NEWSFLASH: EDM is not always synonymous with the banal, the boringly mainstream or the downright awful.
Bright Light Bright Light (a.k.a Rod Thomas) continues to defy expectations with his second full-length LP. This is intelligently crafted electro sad-pop, that marries dance-influenced production with excellent songwriting. But then it would have to be to count Elton John as a fan, right?
The sound of ‘Life Is Easy’ follows last year’s ‘Make Me Believe In Hope’. This isn’t strictly EDM. Instead, it’s closer to pop that wouldn’t sound out of place on the dancefloor. There’s an 80s retro feel to much of the production too that ensures Thomas is essentially the new Pet Shop Boys – his restrained vocal only underlines this.
That said, this isn’t aimed strictly at a mainstream audience either. The songwriting is more concerned with sentiment and emotion than melody-writing amongst all the bleeps and bloops. As a whole, the album does become a little repetitive, leaving you wishing there were a few more obvious pop hooks thrown in for good measure.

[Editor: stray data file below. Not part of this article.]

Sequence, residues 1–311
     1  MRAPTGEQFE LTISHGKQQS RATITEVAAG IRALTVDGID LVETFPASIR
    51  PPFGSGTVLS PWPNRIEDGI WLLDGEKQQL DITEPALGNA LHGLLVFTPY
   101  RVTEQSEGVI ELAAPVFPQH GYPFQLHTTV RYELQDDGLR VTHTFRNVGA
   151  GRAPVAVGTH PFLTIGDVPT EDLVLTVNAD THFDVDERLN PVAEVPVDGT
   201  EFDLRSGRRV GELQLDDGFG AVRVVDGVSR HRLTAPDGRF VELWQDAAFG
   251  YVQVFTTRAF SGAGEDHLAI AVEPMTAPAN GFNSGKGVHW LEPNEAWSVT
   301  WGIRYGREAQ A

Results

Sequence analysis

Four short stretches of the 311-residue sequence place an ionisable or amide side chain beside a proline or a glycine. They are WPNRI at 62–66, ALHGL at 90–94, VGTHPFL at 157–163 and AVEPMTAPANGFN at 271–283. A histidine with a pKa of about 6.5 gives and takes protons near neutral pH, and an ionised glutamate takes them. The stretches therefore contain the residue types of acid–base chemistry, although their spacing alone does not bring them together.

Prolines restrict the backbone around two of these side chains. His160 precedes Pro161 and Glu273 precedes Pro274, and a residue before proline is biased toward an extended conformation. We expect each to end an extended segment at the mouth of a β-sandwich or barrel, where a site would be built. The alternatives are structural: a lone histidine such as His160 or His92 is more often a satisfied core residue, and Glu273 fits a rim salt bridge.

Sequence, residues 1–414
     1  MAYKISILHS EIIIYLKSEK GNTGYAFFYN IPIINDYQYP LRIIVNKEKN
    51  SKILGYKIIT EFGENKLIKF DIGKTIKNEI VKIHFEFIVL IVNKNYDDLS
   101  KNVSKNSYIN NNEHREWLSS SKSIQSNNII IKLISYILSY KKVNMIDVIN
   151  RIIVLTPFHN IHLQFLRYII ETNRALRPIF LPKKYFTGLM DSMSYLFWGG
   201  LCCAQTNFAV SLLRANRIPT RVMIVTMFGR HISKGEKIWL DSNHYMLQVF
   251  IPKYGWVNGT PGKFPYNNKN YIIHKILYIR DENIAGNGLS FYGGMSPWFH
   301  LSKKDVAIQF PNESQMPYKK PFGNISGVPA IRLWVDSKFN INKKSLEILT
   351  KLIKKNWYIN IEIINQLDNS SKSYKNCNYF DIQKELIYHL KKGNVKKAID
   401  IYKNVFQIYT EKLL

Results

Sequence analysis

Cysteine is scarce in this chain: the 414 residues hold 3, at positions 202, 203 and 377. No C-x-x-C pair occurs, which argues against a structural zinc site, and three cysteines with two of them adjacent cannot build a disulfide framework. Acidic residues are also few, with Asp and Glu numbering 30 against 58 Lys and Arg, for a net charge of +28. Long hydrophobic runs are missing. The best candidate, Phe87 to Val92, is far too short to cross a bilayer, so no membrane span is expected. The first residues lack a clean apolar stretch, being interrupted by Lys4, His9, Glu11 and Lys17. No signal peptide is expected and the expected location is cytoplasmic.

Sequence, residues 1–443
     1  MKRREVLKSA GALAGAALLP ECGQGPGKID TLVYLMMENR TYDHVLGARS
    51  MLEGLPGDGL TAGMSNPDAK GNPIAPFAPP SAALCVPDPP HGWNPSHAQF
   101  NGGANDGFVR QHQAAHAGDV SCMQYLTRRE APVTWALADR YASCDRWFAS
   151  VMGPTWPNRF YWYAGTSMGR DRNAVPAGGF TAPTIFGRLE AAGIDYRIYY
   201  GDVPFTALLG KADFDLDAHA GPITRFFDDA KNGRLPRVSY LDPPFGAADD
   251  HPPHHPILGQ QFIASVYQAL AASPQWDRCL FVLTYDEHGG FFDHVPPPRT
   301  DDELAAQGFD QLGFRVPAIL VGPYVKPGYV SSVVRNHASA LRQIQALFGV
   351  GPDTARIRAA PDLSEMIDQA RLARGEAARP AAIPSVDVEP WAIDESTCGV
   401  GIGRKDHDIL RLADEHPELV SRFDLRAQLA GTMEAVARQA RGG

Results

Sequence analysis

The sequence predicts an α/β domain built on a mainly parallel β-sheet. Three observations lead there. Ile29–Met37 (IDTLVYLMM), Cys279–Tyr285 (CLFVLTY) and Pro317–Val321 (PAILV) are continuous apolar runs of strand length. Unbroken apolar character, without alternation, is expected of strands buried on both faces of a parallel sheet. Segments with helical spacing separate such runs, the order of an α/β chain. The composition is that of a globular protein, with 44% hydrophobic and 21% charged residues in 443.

Yet it’s that timeless combination of uptempo production and heartfelt lyrics that makes Bright Light Bright Light’s music some of the best dancefloor sad-pop since Robyn’s Dancing On My Own. A major highlight is I Wish We Were Leaving that features vocals from Elton John: like his own Your Song and its “I hope you don’t mind that I put down in words” lyric, this track relies on a simple and direct lyric to rupture the heart, “one day you’ll make somebody so happy, but it won’t be me”. The song crescendoes with a euphoric surge that cannot fail to put shivers down the spine.
It’s followed by the affirmative An Open Heart, where Thomas urges his lover to “make yourself believe in all the love that comes to an open heart”, whilst Good Luck is a semi-sequel to the Basement Jaxx track of the same name spitting out “good luck being lonely” over funky house beats. Later there's the heavily dancefloor influenced I Believe and its simple but effective chorus ("I don't know what you've done to me, but I believe"), whilst More Than Most is a gloriously upbeat track with glittering synths and backing gospel harmonies.
The lyric "life is easy" is repeated throughout, perhaps ironically for all the heartache, but as a whole the album is a glossy, polished and effortless collection of pop songs. Far from robotic EDM, the emotional songwriting elevates the music with a huge beating heart.
* I Wish We Were Leaving
* An Open Heart
* More Than Most
Listen: 'Life Is Easy' is available now.